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Janice Ebeling

  • 4
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  • 16
  • helpful votes
  • 10
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  • Saving My Assassin

  • By: Virginia Prodan
  • Narrated by: Matilda Novak
  • Length: 8 hrs and 30 mins
  • Unabridged
  • Overall
    5 out of 5 stars 53
  • Performance
    4.5 out of 5 stars 52
  • Story
    5 out of 5 stars 52

At just under five feet tall, Virginia Prodan was no match for the towering six-foot-ten-inch, gun-wielding assassin the Romanian government sent to her office to take her life. It was not the first time her life had been threatened - nor would it be the last. As a young attorney under Nicolae Ceausescu's brutal communist regime, Virginia had spent her entire life searching for the truth.

  • 5 out of 5 stars
  • So very inspiring for me.

  • By Jim L on 09-10-18

Exceptional story of life under Communism

Overall
5 out of 5 stars
Performance
3 out of 5 stars
Story
5 out of 5 stars

Reviewed: 09-03-18

Wow. Truly amazing and inspiring. The story was absolutely compelling. It was a fascinating window into life in a Communist country, and demonstrates how precious freedom is. We take that for granted in the U.S. Virginia's faith and reliance upon God in the face of threats and beatings amazed me.

The narrator was average, and had only a few voices for the characters, but she didn't detract from the story.

I particularly enjoyed the piece by the assassin at the end of the book.

All in all, I highly recommend this book.

  • Windhaven

  • By: George R. R. Martin, Lisa Tuttle
  • Narrated by: Harriet Walter
  • Length: 13 hrs and 21 mins
  • Unabridged
  • Overall
    4 out of 5 stars 260
  • Performance
    4.5 out of 5 stars 236
  • Story
    4 out of 5 stars 243

The planet of Windhaven was not originally a home to humans, but it became one following the crash of a colony starship. It is a world of small islands, harsh weather, and monster-infested seas. Communication among the scattered settlements was virtually impossible until the discovery that, thanks to light gravity and a dense atmosphere, humans were able to fly with the aid of metal wings made of bits of the cannibalized spaceship.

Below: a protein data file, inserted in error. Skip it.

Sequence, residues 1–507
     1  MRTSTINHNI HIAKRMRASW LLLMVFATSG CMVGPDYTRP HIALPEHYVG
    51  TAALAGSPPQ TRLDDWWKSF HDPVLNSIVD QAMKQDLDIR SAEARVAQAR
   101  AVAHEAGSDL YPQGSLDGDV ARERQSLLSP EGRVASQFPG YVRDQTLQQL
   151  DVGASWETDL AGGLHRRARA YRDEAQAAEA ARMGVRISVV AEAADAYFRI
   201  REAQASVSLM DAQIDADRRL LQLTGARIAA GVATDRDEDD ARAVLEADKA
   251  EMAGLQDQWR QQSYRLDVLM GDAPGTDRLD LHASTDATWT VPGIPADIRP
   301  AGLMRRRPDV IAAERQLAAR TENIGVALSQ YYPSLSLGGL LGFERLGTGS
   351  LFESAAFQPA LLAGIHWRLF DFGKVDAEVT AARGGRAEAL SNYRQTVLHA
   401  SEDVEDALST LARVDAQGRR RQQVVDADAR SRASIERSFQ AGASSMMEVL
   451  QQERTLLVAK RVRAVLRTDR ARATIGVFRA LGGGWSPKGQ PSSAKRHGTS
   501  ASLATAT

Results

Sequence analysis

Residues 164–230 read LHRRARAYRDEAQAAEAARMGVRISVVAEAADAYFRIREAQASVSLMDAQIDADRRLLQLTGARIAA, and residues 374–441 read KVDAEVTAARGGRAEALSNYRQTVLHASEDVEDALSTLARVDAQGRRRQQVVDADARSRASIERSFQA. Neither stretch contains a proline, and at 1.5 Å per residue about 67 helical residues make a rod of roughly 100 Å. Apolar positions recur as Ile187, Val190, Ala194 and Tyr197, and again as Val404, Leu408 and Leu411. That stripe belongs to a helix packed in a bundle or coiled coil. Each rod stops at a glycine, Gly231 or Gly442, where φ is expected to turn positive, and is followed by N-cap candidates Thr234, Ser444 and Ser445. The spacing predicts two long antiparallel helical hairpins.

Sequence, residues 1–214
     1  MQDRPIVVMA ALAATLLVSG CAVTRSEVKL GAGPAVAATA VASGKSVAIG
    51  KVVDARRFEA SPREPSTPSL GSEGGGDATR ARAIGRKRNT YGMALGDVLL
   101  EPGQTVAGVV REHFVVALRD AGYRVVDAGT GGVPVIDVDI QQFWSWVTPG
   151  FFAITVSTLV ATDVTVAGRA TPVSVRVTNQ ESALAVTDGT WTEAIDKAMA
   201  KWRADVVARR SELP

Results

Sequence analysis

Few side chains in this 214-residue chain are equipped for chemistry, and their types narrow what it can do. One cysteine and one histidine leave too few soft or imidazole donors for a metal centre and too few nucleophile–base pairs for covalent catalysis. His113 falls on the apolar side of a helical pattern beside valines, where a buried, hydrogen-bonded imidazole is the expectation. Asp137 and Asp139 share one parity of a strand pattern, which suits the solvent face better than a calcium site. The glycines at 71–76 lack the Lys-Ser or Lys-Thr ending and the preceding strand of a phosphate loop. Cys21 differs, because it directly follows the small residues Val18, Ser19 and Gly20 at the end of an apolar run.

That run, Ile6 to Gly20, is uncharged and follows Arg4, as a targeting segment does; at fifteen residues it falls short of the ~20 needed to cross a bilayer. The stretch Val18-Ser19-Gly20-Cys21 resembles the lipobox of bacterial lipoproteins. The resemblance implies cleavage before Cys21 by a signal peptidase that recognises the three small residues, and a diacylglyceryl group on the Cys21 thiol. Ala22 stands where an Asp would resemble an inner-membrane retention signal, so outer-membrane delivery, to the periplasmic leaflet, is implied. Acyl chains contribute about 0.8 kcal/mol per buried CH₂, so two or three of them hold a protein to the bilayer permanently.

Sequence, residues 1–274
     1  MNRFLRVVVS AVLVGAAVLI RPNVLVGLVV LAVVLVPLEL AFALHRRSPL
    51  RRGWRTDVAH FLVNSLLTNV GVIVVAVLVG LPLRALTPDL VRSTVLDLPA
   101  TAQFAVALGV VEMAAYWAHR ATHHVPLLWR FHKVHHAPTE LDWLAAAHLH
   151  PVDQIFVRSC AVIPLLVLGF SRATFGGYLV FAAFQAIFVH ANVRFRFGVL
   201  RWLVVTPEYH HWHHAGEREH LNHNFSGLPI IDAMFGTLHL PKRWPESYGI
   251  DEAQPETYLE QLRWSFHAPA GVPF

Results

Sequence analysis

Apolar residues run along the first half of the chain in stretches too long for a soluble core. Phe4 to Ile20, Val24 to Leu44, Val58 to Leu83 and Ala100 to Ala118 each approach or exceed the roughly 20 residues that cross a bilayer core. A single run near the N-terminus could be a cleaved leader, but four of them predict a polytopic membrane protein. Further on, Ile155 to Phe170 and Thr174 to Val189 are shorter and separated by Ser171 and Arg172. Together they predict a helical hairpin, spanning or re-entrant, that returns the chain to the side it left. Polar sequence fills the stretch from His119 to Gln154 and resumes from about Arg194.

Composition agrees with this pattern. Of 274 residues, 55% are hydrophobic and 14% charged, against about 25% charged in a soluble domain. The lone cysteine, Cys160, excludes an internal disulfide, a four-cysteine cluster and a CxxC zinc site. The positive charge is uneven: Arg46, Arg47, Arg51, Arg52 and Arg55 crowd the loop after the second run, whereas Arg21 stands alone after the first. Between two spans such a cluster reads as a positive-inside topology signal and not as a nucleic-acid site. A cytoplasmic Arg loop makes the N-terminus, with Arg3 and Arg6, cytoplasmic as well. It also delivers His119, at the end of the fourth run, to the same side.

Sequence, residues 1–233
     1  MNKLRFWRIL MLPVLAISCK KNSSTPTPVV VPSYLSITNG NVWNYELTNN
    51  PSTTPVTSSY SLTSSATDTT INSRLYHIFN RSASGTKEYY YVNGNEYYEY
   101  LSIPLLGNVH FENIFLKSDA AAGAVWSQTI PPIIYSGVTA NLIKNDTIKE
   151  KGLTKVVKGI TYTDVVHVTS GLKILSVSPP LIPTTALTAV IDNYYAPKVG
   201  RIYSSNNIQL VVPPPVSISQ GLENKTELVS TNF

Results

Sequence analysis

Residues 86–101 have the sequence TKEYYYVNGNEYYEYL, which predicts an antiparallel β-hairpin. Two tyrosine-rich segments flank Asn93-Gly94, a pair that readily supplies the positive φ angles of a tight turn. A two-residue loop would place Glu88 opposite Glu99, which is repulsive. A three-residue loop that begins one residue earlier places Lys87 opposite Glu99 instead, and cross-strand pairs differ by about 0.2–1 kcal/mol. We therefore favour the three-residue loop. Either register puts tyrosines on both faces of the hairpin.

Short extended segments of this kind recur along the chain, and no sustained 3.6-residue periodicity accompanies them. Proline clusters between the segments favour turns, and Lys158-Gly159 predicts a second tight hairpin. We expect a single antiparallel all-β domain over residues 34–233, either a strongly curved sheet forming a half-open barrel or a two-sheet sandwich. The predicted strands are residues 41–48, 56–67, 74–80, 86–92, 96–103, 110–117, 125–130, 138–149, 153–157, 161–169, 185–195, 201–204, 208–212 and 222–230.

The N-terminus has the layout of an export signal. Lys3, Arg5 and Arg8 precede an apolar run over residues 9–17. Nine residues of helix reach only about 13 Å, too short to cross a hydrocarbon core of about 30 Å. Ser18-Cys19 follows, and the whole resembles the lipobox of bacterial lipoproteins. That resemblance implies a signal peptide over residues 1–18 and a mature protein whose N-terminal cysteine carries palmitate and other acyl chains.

• 4 out of 5 stars
  • A promising early Martin work

  • By Ryan on 12-04-12

Seemed to be missing the middle of the story

Overall
3 out of 5 stars
Performance
3 out of 5 stars
Story
2 out of 5 stars

Reviewed: 06-26-13

The book was written in three parts, each part reading like a short story with its own beginning and climax.

I liked the concept of the flyers and it was entertaining, though some of the characters were a bit flat.

My main problem was that the middle of the book seemed to be missing.

Part One: An introduction to Maris - becoming a flyer.
Part Two: An introduction to Val - he becomes a flyer.
Part Three: Maris is old and retires.

Wait a minute... shouldn't there be some story about Maris actually BEING a flyer? There was foreshadowing of other cultures as well as introductions to some interesting characters and situations that were completely dropped.

I wanted to know about the culture in the north where the flyers were kings, or the culture where they worshipped a winged god. I wanted to see the aftermath of Maris bucking the system to help Val get his wings. I wanted to know what happened to her brother.

The lack of these things left me sorely disappointed. I was given only Maris' regrets about all the places she had been and the people she had met (some of whom were mentioned ONLY in narration as Maris is lamenting the loss of her wings). I was hungry for so much more than I was given, and this is why I didn't give this book a better rating.

5 of 5 people found this review helpful

  • His Majesty's Dragon

  • Temeraire, Book 1
  • By: Naomi Novik
  • Narrated by: Simon Vance
  • Length: 9 hrs and 57 mins
  • Unabridged
  • Overall
    4.5 out of 5 stars 3,634
  • Performance
    4.5 out of 5 stars 2,846
  • Story
    4.5 out of 5 stars 2,849